• Example approaches:
        1. Requests due 2 weeks after institution posts forms; decision from institution 3 weeks after request deadline; HCP whose requests are declined have 4 weeks to become compliant
        2. Requests due 4 weeks after announcement; decision from institution 2 weeks after submission deadline; HCP whose exemption requests are declined must adhere to original compliance deadline, which is 8 weeks after exemption decisions are made. Late exemption requests allowed for changes to a person’s medical condition (e.g. severe reaction to first dose, new diagnosis of COVID-19 with monoclonal antibody treatment).
        3. Requests due 5 weeks after announcement; decision from institution processed on rolling basis with minimum 1 week of notice before HCP’s respective deadline; HCP whose exemption requests are declined must adhere to deadline for both doses.
        4. Requests due 4 weeks after announcement. No decisions were issued prior to this deadline. First dose for HCP with declined exemptions due 4 weeks after decisions were issued.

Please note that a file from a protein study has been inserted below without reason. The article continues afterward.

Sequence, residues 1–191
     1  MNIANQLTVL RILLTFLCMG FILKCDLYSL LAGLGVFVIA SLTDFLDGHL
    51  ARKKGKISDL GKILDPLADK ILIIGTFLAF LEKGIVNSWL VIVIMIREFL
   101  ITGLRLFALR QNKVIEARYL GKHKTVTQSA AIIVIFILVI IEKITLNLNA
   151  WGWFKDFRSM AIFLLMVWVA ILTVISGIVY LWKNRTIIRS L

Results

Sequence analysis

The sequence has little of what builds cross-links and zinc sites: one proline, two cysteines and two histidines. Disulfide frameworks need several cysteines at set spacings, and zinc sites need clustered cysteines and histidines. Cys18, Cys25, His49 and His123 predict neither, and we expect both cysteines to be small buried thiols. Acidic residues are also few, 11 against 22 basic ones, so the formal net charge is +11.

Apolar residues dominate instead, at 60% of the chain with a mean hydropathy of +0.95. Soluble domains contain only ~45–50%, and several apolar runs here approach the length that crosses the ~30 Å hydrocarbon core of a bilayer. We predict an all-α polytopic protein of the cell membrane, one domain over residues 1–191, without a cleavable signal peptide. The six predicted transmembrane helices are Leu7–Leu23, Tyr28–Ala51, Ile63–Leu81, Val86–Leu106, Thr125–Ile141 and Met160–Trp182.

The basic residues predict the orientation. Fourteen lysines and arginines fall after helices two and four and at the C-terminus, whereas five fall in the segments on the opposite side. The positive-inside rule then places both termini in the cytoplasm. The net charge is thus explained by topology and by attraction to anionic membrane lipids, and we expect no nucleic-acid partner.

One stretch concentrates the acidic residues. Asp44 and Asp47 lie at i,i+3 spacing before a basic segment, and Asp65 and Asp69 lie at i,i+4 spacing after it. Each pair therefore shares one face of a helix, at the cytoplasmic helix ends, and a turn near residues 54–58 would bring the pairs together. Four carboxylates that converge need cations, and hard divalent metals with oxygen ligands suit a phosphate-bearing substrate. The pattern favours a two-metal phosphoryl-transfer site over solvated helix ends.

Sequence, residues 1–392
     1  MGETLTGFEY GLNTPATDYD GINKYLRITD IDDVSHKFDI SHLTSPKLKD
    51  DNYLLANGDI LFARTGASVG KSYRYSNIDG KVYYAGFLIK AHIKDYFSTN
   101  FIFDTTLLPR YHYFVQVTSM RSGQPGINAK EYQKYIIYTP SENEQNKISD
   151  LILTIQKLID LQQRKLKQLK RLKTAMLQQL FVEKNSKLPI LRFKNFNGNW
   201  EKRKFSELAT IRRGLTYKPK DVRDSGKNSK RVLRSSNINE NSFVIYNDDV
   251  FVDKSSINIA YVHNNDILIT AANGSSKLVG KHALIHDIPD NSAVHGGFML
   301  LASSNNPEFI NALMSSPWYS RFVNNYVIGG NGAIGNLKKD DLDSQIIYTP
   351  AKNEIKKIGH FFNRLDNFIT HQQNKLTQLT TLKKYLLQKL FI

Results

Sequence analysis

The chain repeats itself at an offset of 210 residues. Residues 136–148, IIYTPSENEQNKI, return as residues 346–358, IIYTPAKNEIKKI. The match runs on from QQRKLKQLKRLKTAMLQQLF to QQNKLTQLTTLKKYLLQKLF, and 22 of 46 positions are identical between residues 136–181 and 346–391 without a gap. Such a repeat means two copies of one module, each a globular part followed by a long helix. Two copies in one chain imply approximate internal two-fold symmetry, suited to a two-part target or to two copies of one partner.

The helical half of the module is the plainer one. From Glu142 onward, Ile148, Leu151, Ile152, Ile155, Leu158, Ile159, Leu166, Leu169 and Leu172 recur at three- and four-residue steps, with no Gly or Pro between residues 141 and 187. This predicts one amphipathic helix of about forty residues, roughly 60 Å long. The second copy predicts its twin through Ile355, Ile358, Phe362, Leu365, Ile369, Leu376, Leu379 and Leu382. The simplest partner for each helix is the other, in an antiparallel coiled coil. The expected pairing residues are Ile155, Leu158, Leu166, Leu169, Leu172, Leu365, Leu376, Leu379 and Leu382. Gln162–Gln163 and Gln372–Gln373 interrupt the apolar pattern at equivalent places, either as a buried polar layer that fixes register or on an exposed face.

• Files:
    • Factors and potential considerations:
      • Ongoing access to vaccines for new hires
      • Approach for contractors
      • Reasonable accommodation for HCP to receive shots (21-28 day interval for mRNA vaccines)
      • Internal turnaround for posting information, approval/denial of exemption requests (“not penalizing employees for internal delays”)
      • Not issuing decisions prior to date of submission for exemption requests
      • The time at which an approved exemption request is reevaluated, and whether the HCP is required to reapply or resubmit documentation.
      • Duration that COVID-19 vaccination requirement stays in place
      • Alignment with influenza vaccination requirement dates
  • Legal Considerations
  • Ethical Frameworks:
  • Administration:
    • Who is administering vaccines to HCP?
      • In-house, e.g. by Occupational Medical Service
      • Community health department (submitted by non-US facility; US facilities would need to determine feasibility)